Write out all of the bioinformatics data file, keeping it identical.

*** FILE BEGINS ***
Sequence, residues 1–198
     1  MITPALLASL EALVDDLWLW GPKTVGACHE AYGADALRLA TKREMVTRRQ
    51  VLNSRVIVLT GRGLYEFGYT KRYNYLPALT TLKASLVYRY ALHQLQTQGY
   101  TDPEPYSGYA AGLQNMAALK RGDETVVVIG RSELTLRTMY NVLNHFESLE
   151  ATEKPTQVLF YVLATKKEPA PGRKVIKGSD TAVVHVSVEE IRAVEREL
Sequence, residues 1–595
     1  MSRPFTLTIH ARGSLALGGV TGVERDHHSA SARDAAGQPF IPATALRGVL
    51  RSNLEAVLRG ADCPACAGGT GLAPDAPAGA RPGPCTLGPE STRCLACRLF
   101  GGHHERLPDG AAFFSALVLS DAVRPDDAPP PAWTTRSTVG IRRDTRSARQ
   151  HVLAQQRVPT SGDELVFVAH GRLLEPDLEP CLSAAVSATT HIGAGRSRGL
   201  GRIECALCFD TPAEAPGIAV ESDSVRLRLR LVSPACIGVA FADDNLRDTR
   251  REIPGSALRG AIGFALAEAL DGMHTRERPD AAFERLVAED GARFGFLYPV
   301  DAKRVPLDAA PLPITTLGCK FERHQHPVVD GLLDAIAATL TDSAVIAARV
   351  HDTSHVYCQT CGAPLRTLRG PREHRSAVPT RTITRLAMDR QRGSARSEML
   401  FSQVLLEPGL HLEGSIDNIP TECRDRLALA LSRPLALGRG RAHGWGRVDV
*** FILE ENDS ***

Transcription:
Sequence, residues 1–198
     1  MITPALLASL EALVDDLWLW GPKTVGACHE AYGADALRLA TKREMVTRRQ
    51  VLNSRVIVLT GRGLYEFGYT KRYNYLPALT TLKASLVYRY ALHQLQTQGY
   101  TDPEPYSGYA AGLQNMAALK RGDETVVVIG RSELTLRTMY NVLNHFESLE
   151  ATEKPTQVLF YVLATKKEPA PGRKVIKGSD TAVVHVSVEE IRAVEREL
Sequence, residues 1–595
     1  MSRPFTLTIH ARGSLALGGV TGVERDHHSA SARDAAGQPF IPATALRGVL
    51  RSNLEAVLRG ADCPACAGGT GLAPDAPAGA RPGPCTLGPE STRCLACRLF
   101  GGHHERLPDG AAFFSALVLS DAVRPDDAPP PAWTTRSTVG IRRDTRSARQ
   151  HVLAQQRVPT SGDELVFVAH GRLLEPDLEP CLSAAVSATT HIGAGRSRGL
   201  GRIECALCFD TPAEAPGIAV ESDSVRLRLR LVSPACIGVA FADDNLRDTR
   251  REIPGSALRG AIGFALAEAL DGMHTRERPD AAFERLVAED GARFGFLYPV
   301  DAKRVPLDAA PLPITTLGCK FERHQHPVVD GLLDAIAATL TDSAVIAARV
   351  HDTSHVYCQT CGAPLRTLRG PREHRSAVPT RTITRLAMDR QRGSARSEML
   401  FSQVLLEPGL HLEGSIDNIP TECRDRLALA LSRPLALGRG RAHGWGRVDV